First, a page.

Summer break is finally upon us! Whether you’re travelling back home or staying on campus, you might be hoping to catch up on some reading (for fun, not for your 300-level Biology class...I hope!).
While my Goodreads account may be full of all kinds of books I’ve read and hundreds more I am excited to read, I’ve curated a special handful for the summer months. Here are 10 recommendations, from me to you, based on what type of book you might be looking for!
If you’re looking…
1. … for a read on the beach or at the park: The Paper Menagerie and Other Stories by Ken Liu
This science-fiction and fantasy anthology of poignant short stories is bound to grab your full attention. I love heading out to a park nearby for my lunch break in the summertime, and I always grab a book to read in the sun. If you like being able to have a sense of ‘finality’ before heading back home or to work, this short story anthology is perfect!
2. …to learn more about the relationship between Indigenous and scientific knowledge: Braiding Sweetgrass by Robin Wall Kimmerer
As both a botanist and a member of the Citizen Potawatomi Nation, Kimmerer discusses these two identities to highlight the importance of Indigenous knowledge and culture in relation to the world around us, and how to improve it. After finishing this book I had a renewed sense of responsibility and gratitude.
3. …for a popular #BookTok title to binge on: The Song of Achilles by Madeline Miller
I read this book when it first came out and it became one of my favourite books instantly. It’s definitely one of my comfort books! It’s a reimagining of the events leading up to and during Homer’s Iliad from the perspective of Patroclus, Achilles’ famous companion. It’s a book you can’t put down and will want to read again right when you’ve finished it. I’ve reread it an absurd amount of times!
4. …to get more acquainted with a Nobel Prize winner: One Hundred Years of Solitude by Gabriel García Márquez
This Nobel Prize winner and literary masterpiece tells the magical story of seven generations of the Buendía family in the town of Macondo. This book is the keystone for the genre of ‘magical realism’, and is nonsensical, alluring, and bewildering. It’s not always the easiest story to understand, but if you like it, you’ll love it!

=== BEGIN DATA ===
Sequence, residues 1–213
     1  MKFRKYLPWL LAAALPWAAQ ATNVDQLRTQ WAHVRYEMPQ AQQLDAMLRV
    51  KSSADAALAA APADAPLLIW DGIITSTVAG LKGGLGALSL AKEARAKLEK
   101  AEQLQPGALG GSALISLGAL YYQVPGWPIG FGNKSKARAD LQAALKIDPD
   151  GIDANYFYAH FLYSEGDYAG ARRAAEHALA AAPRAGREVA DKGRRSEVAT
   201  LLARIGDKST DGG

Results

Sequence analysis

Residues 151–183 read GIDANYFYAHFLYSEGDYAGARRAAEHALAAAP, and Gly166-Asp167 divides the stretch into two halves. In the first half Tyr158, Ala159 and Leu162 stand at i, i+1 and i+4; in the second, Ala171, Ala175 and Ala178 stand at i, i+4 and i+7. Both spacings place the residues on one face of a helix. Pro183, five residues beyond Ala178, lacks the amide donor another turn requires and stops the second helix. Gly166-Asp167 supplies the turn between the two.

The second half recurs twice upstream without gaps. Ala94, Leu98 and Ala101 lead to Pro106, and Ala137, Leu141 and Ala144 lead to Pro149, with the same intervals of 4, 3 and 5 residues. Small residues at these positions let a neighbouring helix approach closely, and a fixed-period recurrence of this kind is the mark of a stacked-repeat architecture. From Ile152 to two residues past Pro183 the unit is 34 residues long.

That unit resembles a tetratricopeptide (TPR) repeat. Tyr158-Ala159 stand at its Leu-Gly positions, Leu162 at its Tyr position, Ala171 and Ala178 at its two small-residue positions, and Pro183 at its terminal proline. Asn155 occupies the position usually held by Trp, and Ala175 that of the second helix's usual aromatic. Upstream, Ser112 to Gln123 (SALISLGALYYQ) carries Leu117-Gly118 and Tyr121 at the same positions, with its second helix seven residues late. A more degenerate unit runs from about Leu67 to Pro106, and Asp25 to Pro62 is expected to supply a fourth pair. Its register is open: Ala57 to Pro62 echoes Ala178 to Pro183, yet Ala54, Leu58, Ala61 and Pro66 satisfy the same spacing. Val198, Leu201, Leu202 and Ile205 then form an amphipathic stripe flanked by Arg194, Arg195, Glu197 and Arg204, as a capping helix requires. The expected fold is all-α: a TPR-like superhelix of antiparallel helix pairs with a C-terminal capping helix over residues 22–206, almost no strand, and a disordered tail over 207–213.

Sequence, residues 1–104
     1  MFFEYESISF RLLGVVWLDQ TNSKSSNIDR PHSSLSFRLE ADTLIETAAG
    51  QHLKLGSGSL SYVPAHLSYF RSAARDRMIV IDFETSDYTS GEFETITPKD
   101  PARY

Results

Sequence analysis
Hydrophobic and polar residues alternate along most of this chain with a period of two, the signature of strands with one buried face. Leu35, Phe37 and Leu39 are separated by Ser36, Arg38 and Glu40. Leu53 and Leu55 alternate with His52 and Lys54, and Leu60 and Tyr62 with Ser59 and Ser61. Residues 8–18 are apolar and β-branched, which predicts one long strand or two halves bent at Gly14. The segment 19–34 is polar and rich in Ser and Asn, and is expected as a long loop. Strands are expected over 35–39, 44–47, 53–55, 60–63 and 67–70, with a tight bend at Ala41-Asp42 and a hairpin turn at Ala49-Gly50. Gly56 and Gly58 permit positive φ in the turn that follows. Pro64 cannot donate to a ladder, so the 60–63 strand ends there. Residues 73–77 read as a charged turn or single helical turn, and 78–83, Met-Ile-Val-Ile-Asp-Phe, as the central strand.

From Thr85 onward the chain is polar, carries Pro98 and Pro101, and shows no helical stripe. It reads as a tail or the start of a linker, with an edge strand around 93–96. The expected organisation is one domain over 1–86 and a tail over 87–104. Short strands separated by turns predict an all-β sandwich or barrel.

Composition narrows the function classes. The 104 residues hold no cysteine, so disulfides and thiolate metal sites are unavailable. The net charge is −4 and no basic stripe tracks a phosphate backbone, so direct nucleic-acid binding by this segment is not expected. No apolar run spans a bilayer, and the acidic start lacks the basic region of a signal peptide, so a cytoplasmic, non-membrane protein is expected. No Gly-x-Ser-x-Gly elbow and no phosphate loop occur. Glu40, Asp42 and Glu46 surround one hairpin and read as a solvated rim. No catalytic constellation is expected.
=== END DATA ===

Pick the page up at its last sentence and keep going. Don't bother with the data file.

5. …for a change of perspective: What happened to you? by Bruce D. Perry and Oprah Winfrey
I’ve seen a lot of more encouragement online and at school to invest in my mental and emotional health through the pandemic. One way I’ve tried to do so is through reading nonfiction about mental and physical health. This book explores the way we react to what we experience, especially trauma, and is a good start to understanding our own and others’ behaviour patterns. I appreciated the mix of real-life stories with very clear scientific explanations.
6. …to discover a debut Indigenous author: Unreconciled by Jesse Wente
This is a powerful memoir in which Jesse Wente, an Ojibwe member of Serpent River First Nation, shares the stories of his childhood and adulthood. He discusses his personal experiences with Indigeneity and critiques the very definition of reconciliation. He writes with an honesty and vulnerability that is hard to ignore.
7. …for something to read with your younger siblings: Smelly Socks by Robert Munsch
This was my absolute favourite story to read before bed with my parents. We would point out the various animals fainting from the smell of the smelly socks, and burst out laughing until it was time to sleep. I’ve kept my copy to be able to read it with my cousins. It’s a light read with an important message and colourful humorous imagery!
8. …for a must-read classic you just can’t put down: Invisible Man by Ralph Ellison
A pivotal novel in American literature and winner of the National Book Award for fiction, this is a powerful, eye-opening coming-of-age piece. It follows the life of a nameless narrator from childhood to adulthood living in a Black community in the United States in the early 1900s. It discusses questions of race and nationalism that you as the reader have to contemplate, no matter how overwhelming or sobering.
9. …for a fantasy series you may not have heard of before: The Fionavar Tapestry by Guy Gavriel Kay
Guy Gavriel Kay is one of my favourite authors, not just in the fantasy genre, but of all time. This trilogy is an homage to J.R.R. Tolkien’s The Lord of the Rings, and while you can spot the influence, this story is unique, poetic, and very touching. If you’ve been trying to start an epic fantasy series, this is definitely the one for you. (And if you’re a crier, I’d recommend keeping some tissues handy like I did).
10. …for an autobiography by an iconic role model: Becoming by Michelle Obama
This autobiography is the coming-of-age story of Michelle Obama’s journey as an adult, mother, and First Lady. It’s an engaging read in which her honesty, humour, and self-awareness captivate you. Her confidence, determination, and worldview are bound to inspire you.
If you’re an aspiring multilingual, try finding translated works of one of these recommendations. You can read the translated version while having a copy of the original in English (or your mother tongue) beside you. If you find a certain scene or sentence tricky, you can easily pull up the original and compare! This way, you get to practice reading in a language you’re learning, while fully understanding the context—because sometimes Google Translate just isn’t enough!